Submarines: Israel Gets Super Subs

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August 27, 2006: The Israeli government admitted that they had finally, after over two years of negotiations, signed a deal with Germany to receive two more Dolphin class submarines. It appears that Israel will receive two that are already built, or under construction. Israel already has three Dolphins, which they received 5-6 years ago. These are now being upgraded by a team of German engineers. The upgrades include larger fuel capacity, converting more torpedo tubes to the larger 650mm size, and installing new electronics. The fuel and torpedo tube mods appear to have something to do with stationing the subs off the coast of Iran. Larger torpedo tubes allow the subs to carry longer range missiles. The larger fuel capacity makes it easier to move Dolphins from the Mediterranean to the Indian ocean. Although Israel has a naval base on the Red Sea, Egypt will not allow Israeli subs to use the Suez canal. So the Dolphins have to go around Africa. Currently, that is apparently being accomplished via a refueling stop in Eritrea. But if that access is denied in the future, the larger fuel capacity will enable the Dolphins to make it all the way on their own. Larger fuel capacity also allows the subs to spend more time on station off the Iranian coast. Currently the Dolphins can stay at sea for about 40 days (moving at about 14 kilometers an hour, on the surface, for up to 8,000 kilometers). Larger fuel capacity could extend range to over 10,000 kilometers, and endurance to about 50 days.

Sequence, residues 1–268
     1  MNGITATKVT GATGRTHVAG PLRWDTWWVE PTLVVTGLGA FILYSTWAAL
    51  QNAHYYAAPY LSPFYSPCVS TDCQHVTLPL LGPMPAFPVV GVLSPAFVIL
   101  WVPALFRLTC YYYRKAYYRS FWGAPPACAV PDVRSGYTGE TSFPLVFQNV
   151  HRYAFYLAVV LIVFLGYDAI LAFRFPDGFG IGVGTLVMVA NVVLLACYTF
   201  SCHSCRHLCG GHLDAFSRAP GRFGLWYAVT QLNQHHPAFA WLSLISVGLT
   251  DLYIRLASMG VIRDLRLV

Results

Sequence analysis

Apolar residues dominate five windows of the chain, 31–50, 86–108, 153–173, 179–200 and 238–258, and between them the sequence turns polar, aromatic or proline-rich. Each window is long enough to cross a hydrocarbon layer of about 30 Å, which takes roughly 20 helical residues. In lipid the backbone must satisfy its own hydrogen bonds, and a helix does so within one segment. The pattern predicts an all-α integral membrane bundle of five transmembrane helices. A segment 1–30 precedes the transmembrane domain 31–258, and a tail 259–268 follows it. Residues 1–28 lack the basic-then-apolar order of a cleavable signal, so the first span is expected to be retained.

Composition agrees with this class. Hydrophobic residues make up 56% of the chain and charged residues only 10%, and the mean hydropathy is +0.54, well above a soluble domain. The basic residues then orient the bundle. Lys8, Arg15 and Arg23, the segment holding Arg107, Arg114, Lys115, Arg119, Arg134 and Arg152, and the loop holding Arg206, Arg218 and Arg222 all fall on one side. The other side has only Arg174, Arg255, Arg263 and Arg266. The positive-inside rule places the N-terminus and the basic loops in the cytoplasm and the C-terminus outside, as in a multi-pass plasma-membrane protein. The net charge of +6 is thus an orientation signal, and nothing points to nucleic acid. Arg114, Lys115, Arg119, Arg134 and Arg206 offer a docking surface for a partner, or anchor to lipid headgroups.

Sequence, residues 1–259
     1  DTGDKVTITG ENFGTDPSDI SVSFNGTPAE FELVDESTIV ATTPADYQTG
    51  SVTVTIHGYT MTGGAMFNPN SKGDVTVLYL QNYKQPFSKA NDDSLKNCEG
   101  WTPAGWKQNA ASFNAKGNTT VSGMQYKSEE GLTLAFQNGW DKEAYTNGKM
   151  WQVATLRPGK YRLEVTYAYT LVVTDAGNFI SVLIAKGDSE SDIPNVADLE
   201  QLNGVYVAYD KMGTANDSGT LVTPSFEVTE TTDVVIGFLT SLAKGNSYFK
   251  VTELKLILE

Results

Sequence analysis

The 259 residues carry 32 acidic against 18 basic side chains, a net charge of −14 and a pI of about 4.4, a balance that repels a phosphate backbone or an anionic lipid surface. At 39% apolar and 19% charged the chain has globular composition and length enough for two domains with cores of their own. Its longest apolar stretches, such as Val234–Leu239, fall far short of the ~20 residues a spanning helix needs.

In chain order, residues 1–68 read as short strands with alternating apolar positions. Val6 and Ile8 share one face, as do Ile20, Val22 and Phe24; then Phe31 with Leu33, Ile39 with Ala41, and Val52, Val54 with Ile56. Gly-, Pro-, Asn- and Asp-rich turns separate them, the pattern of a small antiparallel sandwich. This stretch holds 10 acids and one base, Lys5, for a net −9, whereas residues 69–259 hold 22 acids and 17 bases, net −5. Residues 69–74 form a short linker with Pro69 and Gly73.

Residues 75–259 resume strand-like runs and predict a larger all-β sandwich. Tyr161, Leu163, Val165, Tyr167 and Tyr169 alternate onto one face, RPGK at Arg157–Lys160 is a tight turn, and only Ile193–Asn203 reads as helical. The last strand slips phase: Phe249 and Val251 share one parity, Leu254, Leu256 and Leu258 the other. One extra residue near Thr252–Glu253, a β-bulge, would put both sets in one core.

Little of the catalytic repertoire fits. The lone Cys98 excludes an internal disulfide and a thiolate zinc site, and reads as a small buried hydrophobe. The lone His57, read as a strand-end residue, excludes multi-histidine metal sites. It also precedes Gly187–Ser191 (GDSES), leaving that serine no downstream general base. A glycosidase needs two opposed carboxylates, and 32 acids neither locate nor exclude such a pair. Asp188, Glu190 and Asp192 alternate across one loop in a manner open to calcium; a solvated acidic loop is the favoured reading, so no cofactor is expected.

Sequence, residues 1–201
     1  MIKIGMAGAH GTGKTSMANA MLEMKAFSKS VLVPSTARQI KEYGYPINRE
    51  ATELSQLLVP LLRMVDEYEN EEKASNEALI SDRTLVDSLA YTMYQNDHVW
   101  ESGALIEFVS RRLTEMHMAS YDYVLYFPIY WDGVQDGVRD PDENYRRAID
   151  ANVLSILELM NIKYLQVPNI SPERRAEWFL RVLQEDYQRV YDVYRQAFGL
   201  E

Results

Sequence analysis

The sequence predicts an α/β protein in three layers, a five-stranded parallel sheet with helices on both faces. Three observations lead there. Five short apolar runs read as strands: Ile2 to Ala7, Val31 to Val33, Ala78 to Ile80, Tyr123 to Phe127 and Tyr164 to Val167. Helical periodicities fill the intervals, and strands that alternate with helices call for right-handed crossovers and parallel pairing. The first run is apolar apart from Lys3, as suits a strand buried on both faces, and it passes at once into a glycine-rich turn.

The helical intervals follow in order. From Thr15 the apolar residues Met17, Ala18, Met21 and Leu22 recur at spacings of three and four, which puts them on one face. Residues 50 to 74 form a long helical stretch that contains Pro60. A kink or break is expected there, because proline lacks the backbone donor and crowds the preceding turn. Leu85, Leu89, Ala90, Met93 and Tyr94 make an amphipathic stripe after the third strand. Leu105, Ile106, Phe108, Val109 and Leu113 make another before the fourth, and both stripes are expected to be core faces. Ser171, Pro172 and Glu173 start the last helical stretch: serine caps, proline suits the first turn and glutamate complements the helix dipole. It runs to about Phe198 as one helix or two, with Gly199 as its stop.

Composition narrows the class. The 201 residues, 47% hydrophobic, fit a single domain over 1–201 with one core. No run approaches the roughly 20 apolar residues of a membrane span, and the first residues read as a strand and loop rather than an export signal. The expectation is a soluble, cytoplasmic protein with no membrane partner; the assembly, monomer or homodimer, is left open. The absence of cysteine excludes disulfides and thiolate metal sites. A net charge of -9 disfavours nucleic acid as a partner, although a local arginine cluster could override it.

The two new Dolphins will cost about $650 million each, with Germany picking up a third of the coast, as part of their reparations for World War II atrocities against Jews. The Dolphins have an fuel cell based propulsion system which enable them to stay under waters for over a week at a time. The Dolphins are also very quiet, and very difficult for the Iranians to hunt down and destroy. The first three Dolphins don't have the AIP (Air Independent Propulsion) system.
Israel equipped it's new Dolphin class submarines with nuclear cruise missiles in 2002. Israel also fitted their 135 kilometer range Harpoon missiles with nuclear warheads. These missiles are fired from the subs torpedo tubes. The 1,625 ton Dolphins can carry 16 torpedoes or missiles and have ten forward torpedo tubes (four of them the larger 650mm -26 inch- size). The Dolphins are considered the most modern non-nuclear subs in the world. The first three and cost $320 million each. They have a crew of 35 and can dive to a depth of more than 600 feet.
The Israelis have developed a cruise missile, which is has a range of 1,500 kilometers and carries a 200 kiloton nuclear warhead. The objective of deploying nukes on subs is to further enhance deterrence to any nation launching a nuclear strike against Israel. If one of the Dolphins are always at sea, even a first strike against Israel would not prevent a nuclear strike by submarine launched nukes. Israel is reported to be trying to set up a base in the Red Sea, because the two most likely nuclear attackers are Iraq and Iran.

 


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